BPD Update Online, Winter 2004
Technology Corner (cont)
Editor's Prerogative
President's Report
Into Africa
Into Africa (cont)
Into Africa (cont)
I Am Not in Kansas Anymore
American-Israeli Online Exchange
The Update Interview
The Update Interview (cont)
The Update Interview (cont)
BPD Summer 2004 Policy Fellow Award
Organizational Report
Technology Corner
Technology Corner (cont)
Technology Corner (cont)
BackPage: Empty Chair
Photo Album: BPD Conference in Reno
Photo Album: BPD Conference in Reno (cont)
Photo Album: BPD Conference in Reno (cont)
BPD Membership Form
Contact BPD Update Online
Archives: 2003 - 2004
Archives: 2001 - 2002

Carol J. Williams, Associate Editor

Carol J. Williams,
Associate Editor

Teaching and Practicing Electronic Advocacy


In teaching about Electronic Advocacy, a good assignment would be to ask students to study an online advocacy organization. The assignment would be to review the organization's web site and document how the organization addressed/failed to address each stage in the organizing process. Students could complete the following form:

- Social problem addressed by the organization:
- Goals and objectives of the organization:
- Process by which goals and objectives were set:
- Action plan of the organization
- Electronic tactics, techniques, and tools used by the organization:
- Assessment of the effectiveness of the organization:


International Level

Amnesty International


Revolutionary Association of Women of Afghanistan


National Level



Regional Level

New England Network for Child, Youth, and Family Services


Local Level

Neighborhoods Online



Electronic Advocacy is a growing force on the landscape of advocacy at all levels. To remain current, social work educators, practitioners, and students should learn how to utilize this new tool. There are several important points that we should remember as we move into this new area of practice:

• In teaching and practicing the social work role of “advocate”, we can use the Internet as a source of information and factual data.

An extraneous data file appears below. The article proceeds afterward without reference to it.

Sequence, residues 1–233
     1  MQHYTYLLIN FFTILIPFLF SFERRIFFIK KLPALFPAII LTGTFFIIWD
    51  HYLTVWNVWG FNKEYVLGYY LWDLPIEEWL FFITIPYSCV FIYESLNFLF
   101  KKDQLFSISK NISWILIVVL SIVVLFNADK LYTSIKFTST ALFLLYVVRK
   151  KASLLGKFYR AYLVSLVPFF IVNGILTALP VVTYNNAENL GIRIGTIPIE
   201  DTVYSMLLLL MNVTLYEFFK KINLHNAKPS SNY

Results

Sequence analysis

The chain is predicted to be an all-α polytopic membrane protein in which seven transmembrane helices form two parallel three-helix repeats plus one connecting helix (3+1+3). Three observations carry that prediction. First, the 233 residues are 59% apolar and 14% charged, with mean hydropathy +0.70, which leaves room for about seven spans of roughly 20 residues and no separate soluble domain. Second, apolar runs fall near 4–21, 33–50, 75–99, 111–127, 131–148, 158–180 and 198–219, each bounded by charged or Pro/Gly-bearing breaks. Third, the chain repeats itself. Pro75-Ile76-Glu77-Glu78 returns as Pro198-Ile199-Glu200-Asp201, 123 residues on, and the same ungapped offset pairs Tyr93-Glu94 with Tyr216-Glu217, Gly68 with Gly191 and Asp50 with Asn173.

• We can also advocate electronically, using email, listservs, web pages, online petitions, and other technological tools and techniques.
• Electronic advocacy is a new tool for social worker educators, practitioners, and students to use in pursuing Social and Economic Justice.
• Electronic advocacy can be used at all levels of practice, from international to local
• There is a vast array of advocacy web sites to which social work educators can refer students.
• This is a feasible and economic method of introducing our students to practice at the regional, national and international levels.


Amnesty International (http://www.amnesty.org) Hick, S. and McNutt, J. (2002). Communities and Advocacy on the Internet: A Conceptual Framework in Advocacy, Activism and the Internet. Chicago: Lyceum Press. (http://www.socialpolicy.ca/hr/hick1.htm, 2002) MoveOn.org (http://www.moveon.org) Neighborhoods Online (http://www.iscv.org) New England Network for Child, Youth, and Family Services (http://www.nenetwork.org/info-policy/ElecAdvo/) Revolutionary Association of Women of Afghanistan (http://www.rawa.org) Social Design Notes (2003). (http://www.backspace.com/notes/2003/06/02/x.html) US Government Printing Office (http://www.access.gpo.gov/su_docs/locators/cgp/index.html)

Click here to send an email message to Carol J. Williams:

A new Update Feature, BackPage, is on the next page...

Spiral, Horizontal Line Spinning

BPD Update Online, Volume 26, No. 1, Winter 2004

The BPD Update Online Web Site is sponsored by Lyceum Books.